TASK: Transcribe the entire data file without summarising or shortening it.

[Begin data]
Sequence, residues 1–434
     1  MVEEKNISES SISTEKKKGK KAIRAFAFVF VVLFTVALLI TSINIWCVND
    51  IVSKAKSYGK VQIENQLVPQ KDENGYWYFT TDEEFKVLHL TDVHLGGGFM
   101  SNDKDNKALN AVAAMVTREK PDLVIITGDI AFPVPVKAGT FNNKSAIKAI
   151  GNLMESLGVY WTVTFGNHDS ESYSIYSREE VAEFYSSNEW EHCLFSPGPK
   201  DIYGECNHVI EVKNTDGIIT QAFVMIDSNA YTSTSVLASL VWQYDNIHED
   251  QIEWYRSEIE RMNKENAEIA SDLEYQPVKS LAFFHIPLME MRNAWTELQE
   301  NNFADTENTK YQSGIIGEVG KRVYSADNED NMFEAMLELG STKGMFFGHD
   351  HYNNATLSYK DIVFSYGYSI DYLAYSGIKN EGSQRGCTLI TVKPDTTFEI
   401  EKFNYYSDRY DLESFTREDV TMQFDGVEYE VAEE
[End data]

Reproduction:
Sequence, residues 1–434
     1  MVEEKNISES SISTEKKKGK KAIRAFAFVF VVLFTVALLI TSINIWCVND
    51  IVSKAKSYGK VQIENQLVPQ KDENGYWYFT TDEEFKVLHL TDVHLGGGFM
   101  SNDKDNKALN AVAAMVTREK PDLVIITGDI AFPVPVKAGT FNNKSAIKAI
   151  GNLMESLGVY WTVTFGNHDS ESYSIYSREE VAEFYSSNEW EHCLFSPGPK
   201  DIYGECNHVI EVKNTDGIIT QAFVMIDSNA YTSTSVLASL VWQYDNIHED
   251  QIEWYRSEIE RMNKENAEIA SDLEYQPVKS LAFFHIPLME MRNAWTELQE
   301  NNFADTENTK YQSGIIGEVG KRVYSADNED NMFEAMLELG STKGMFFGHD
   351  HYNNATLSYK DIVFSYGYSI DYLAYSGIKN EGSQRGCTLI TVKPDTTFEI
   401  EKFNYYSDRY DLESFTREDV TMQFDGVEYE VAEE